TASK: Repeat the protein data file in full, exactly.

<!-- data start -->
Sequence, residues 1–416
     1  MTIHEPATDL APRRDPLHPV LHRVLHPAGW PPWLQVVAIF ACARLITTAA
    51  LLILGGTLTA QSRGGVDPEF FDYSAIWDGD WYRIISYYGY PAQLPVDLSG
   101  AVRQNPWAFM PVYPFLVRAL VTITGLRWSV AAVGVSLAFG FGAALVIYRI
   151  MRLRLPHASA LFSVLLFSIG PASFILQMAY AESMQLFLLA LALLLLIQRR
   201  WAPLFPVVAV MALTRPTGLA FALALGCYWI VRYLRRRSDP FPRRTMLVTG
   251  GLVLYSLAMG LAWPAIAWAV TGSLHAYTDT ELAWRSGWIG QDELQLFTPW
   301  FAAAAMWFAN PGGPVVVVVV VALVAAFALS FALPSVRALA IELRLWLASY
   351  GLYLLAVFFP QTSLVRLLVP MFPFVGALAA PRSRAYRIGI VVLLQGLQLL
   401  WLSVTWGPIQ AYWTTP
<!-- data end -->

Sequence, residues 1–416
     1  MTIHEPATDL APRRDPLHPV LHRVLHPAGW PPWLQVVAIF ACARLITTAA
    51  LLILGGTLTA QSRGGVDPEF FDYSAIWDGD WYRIISYYGY PAQLPVDLSG
   101  AVRQNPWAFM PVYPFLVRAL VTITGLRWSV AAVGVSLAFG FGAALVIYRI
   151  MRLRLPHASA LFSVLLFSIG PASFILQMAY AESMQLFLLA LALLLLIQRR
   201  WAPLFPVVAV MALTRPTGLA FALALGCYWI VRYLRRRSDP FPRRTMLVTG
   251  GLVLYSLAMG LAWPAIAWAV TGSLHAYTDT ELAWRSGWIG QDELQLFTPW
   301  FAAAAMWFAN PGGPVVVVVV VALVAAFALS FALPSVRALA IELRLWLASY
   351  GLYLLAVFFP QTSLVRLLVP MFPFVGALAA PRSRAYRIGI VVLLQGLQLL
   401  WLSVTWGPIQ AYWTTP